Over the last several years, the Mildred Lane Kemper Art Museum has built an exceptional collection of works by an international array of contemporary artists who both examine and expand the parameters of traditional photography. For these artists, photography is not a single, rigidly defined discipline or practice, but a versatile medium that can be filtered through a wide range of artistic processes and used to address a wide range of aesthetic questions and concerns.
Next month, the Kemper Art Museum will showcase this collection in Focus on Photography: Recent Acquisitions. Organized by assistant curator Karen Butler, the exhibition will feature more than 100 pieces by more than 20 artists, ranging from historical figures who helped define early photographic standards to contemporary photographers working within what art historian George Baker has termed "photography's expanded field." Taken together, these artists offer a lens through which to address the question: What is photography today?
The earliest works on view are rooted in photography's documentary tradition. Edward Curtis sought to record and preserve the culture of disappearing Native American tribes, yet he also was deeply influenced by aesthetic conventions — the portrait, the pastoral landscape — borrowed from traditions of painting. This dichotomy reflects the complex nature of early 20th-century photography, which frequently negotiated between scientific instrument and artistic endeavor. Conversely, in artfully staged portraits such as Picasso, Cannes (1955), Lucien Clergue consciously attempted to supplant the painted portrait with a photographic image capturing the individual's psychological essence.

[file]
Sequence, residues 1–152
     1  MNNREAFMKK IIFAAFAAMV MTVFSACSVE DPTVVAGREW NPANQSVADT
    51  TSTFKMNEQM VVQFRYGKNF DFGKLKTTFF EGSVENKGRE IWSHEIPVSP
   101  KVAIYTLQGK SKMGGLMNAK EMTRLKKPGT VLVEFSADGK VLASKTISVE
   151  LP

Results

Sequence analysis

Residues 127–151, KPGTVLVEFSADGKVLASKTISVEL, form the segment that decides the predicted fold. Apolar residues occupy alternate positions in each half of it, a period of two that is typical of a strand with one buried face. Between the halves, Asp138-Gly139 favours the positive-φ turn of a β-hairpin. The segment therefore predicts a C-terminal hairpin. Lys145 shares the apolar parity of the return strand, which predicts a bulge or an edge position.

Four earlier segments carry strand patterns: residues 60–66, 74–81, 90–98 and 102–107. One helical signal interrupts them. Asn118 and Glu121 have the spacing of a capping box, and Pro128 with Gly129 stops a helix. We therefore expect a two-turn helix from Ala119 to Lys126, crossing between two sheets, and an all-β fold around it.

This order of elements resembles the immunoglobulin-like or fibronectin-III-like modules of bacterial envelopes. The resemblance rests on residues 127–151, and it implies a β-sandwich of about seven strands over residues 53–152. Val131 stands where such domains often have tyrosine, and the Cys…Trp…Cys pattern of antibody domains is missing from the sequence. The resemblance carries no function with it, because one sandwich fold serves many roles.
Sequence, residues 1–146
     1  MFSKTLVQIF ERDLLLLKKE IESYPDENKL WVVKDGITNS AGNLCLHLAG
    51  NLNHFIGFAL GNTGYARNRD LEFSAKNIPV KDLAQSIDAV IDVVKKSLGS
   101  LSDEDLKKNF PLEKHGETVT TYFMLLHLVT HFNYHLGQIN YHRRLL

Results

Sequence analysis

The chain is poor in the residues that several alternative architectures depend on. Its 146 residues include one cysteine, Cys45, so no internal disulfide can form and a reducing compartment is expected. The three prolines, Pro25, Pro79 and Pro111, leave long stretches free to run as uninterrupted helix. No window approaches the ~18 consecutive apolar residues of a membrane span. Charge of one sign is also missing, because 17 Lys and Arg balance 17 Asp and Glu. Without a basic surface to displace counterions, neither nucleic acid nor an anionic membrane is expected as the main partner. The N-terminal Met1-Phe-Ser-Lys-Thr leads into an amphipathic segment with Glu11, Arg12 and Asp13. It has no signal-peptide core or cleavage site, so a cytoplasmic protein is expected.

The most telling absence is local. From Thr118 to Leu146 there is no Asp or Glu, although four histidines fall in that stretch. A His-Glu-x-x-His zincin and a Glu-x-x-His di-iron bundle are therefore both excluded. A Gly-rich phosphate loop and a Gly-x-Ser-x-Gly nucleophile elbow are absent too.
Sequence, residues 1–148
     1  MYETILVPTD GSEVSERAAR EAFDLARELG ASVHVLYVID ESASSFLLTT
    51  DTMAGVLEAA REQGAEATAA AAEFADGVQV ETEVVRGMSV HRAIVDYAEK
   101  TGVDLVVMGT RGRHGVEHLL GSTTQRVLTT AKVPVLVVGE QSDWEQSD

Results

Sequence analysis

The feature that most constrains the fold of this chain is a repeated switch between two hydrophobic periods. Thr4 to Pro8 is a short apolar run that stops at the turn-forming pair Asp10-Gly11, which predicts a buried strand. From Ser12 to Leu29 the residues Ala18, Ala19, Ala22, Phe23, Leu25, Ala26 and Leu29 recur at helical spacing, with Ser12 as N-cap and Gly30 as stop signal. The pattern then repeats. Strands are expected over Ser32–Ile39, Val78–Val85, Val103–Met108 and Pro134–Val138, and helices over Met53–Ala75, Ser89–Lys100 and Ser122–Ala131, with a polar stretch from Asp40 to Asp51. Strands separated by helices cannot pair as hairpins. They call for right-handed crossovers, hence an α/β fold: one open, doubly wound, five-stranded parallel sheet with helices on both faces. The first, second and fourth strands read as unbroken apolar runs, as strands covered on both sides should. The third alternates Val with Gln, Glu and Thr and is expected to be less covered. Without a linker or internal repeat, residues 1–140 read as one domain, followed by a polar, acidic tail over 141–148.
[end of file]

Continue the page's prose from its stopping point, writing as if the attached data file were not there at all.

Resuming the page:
The work of artists such as Andy Warhol and Louise Lawler would further transform our understanding of the photographic image, radically undermining its apparent promise of objective knowledge or truth. Warhol, who lived life both through and for the camera, is represented by a large group of working Polaroids and black-and-white snapshots, the latter of which portray personal and public activities but, paradoxically, reveal very little about Warhol himself. Lawler, meanwhile, is represented by Not Yet Titled (2004/05), a recent example from a long line of photographs that investigate the life of artworks after they leave the studio and enter the public domain.
These figures set the stage for a vast array of artists whose varied forms of critical engagement define the state of photography today. In Ecrivain public / Public letter writer, Rafaèle Decarpigny (2007), Sophie Calle uses photography to explore questions of subjectivity and identity, creating an unconventional portrait out of the response of one woman, a professional letter writer, to an upsetting email that Calle received from a boyfriend. Questions of identity also inform Christian Jankowski's series Poster Sale (2005), which depicts 40 Washington University students posing with images they had selected to decorate their dorm rooms, thus allowing viewers to glimpse the ways popular culture contributes to the construction of individuality.
In Untitled (Pollock/Titian) #4 (1984/2005), Andrea Fraser deploys photography as a form of institutional critique by juxtaposing and then re-photographing slides of well-known paintings by two renowned male artists. Wolfgang Tillmans, in Wald (Briol II) (2008), addresses the issue of photographic representation head-on by photocopying his own photograph, of a man walking through a forest, rendering it dark, flat and blurry. Tillmans then scanned, enlarged and printed the photocopy again, this time as a singular image, thus placing it somewhere between a photograph and a unique artwork.
Rounding out the exhibition will be recently acquired works by Howard French, David Goldblatt, Doug Hall, Ulrike Kuschel, Sharon Lockhart, Alen MacWeeney, Abelardo Morell, Simon Nieweg, Georges Rousse, Georgina Starr, and John Stezaker.